In Islam, 'accounting' lies in the responsibility of every Muslim to carry out duties as described in the Qur'an.
Similarly, in a business enterprise, both management and the providers of capital are accountable for their actions both within and outside their firm. Accountability in this context means accountability to the community (umma) or society at large. Muslims cannot, in good faith, compartmentalise their behaviour into religious and secular dimensions, and their actions are always bound by the shari'a. Islamic law thus embodies an encompassing set of duties and practices including worship, prayer, manners and morals, along with commercial transactions and business practices.
Muslims ought to conduct their business activities in accordance with the requirement of their religion to be fair, honest and just toward others. Business activity, in consequence, must be broadly inspired and guided by the concepts of tawhid (oneness and unity of God), ihsan (goodness), and tawakkal (trust in God).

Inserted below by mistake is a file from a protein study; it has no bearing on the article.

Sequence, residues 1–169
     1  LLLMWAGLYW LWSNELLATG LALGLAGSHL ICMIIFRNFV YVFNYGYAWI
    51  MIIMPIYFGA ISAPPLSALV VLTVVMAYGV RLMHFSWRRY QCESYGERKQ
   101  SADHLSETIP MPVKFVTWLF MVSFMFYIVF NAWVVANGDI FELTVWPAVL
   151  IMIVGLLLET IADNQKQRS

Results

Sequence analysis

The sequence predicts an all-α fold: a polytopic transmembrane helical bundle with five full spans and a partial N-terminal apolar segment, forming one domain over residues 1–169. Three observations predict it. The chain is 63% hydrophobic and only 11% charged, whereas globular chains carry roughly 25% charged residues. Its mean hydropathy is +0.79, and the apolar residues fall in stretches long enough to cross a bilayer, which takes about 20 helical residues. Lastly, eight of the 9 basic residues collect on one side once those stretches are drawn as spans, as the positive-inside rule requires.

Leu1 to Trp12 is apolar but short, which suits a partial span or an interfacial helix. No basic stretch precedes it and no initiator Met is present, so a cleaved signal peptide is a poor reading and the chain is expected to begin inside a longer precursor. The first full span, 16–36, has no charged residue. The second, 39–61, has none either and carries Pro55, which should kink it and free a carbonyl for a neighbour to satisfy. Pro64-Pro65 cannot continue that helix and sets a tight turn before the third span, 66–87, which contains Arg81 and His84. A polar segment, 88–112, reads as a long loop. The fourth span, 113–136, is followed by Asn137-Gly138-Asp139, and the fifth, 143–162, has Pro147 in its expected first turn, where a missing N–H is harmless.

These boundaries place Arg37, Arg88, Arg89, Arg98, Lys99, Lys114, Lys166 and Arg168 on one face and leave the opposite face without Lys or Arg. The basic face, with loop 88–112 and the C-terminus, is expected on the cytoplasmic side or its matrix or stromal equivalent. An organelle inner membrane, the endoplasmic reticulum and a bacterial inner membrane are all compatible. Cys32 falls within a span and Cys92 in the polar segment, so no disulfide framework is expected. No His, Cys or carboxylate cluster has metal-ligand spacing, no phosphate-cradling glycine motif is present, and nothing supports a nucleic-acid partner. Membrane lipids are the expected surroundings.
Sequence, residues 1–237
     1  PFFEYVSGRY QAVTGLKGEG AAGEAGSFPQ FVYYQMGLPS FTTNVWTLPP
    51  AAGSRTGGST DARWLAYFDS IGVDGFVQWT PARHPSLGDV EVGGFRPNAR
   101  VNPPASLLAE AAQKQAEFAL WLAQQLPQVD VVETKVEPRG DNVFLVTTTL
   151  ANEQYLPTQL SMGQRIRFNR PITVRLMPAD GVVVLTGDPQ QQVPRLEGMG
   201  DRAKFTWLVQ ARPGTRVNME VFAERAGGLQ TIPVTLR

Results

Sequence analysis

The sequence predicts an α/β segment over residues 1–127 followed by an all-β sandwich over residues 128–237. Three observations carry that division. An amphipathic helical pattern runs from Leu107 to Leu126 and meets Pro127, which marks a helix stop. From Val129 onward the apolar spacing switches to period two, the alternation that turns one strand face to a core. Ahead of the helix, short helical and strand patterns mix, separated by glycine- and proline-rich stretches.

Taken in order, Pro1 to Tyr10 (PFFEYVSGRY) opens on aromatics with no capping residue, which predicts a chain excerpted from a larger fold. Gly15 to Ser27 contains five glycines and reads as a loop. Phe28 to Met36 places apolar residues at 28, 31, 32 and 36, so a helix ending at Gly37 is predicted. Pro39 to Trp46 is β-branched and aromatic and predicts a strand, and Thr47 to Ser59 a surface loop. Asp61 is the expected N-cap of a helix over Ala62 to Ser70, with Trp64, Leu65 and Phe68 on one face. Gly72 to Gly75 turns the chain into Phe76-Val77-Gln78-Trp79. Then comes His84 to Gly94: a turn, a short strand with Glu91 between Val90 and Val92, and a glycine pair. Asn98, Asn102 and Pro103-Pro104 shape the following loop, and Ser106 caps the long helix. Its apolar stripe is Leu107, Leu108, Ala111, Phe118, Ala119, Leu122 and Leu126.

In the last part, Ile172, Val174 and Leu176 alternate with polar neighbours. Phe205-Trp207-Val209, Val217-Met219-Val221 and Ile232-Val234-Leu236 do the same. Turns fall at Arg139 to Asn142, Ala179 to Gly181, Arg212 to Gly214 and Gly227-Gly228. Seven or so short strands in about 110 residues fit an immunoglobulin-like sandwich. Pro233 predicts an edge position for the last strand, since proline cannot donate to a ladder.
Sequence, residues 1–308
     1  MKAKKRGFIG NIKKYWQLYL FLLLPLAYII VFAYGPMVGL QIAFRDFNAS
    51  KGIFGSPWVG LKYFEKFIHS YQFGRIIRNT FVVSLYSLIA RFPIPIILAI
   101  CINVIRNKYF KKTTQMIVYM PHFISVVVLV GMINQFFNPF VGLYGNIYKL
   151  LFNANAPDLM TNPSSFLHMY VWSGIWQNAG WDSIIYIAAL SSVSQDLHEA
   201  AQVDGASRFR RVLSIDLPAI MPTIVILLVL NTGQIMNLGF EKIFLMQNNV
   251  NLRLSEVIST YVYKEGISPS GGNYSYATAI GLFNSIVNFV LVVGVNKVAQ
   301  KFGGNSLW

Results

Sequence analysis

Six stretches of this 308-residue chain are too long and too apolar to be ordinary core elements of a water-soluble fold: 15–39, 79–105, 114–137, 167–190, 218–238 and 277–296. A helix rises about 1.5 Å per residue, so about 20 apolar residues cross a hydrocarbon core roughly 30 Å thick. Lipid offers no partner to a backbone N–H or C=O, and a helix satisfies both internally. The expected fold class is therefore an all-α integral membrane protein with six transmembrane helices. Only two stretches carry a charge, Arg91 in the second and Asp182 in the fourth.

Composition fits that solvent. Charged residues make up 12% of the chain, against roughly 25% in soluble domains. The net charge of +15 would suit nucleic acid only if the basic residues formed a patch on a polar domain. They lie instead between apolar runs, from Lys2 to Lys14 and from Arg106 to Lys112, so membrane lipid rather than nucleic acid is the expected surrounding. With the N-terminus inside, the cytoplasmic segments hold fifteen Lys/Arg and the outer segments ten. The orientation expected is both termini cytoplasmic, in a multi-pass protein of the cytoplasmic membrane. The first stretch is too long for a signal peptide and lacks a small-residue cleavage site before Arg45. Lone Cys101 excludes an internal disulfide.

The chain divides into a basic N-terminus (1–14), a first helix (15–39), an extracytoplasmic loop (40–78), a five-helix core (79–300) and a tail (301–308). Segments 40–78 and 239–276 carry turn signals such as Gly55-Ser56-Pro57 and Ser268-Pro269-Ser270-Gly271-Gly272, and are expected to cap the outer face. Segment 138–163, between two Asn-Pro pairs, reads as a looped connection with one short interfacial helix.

Individuals are expected to feel socially responsible for others in the community. One cannot enjoy life while others cannot. In general, the aim of the Islamic economic system is to allow people to earn their living in a fair and profitable way without exploitation of others, so that the whole society may benefit.
Accounting in the broad sense is central to Islam, since accountability to God and the community for all activities is paramount to a Muslim's faith. Based on shari’a – the divine law of Islam. Every Muslim is accountable to Allah on the day of Judgement.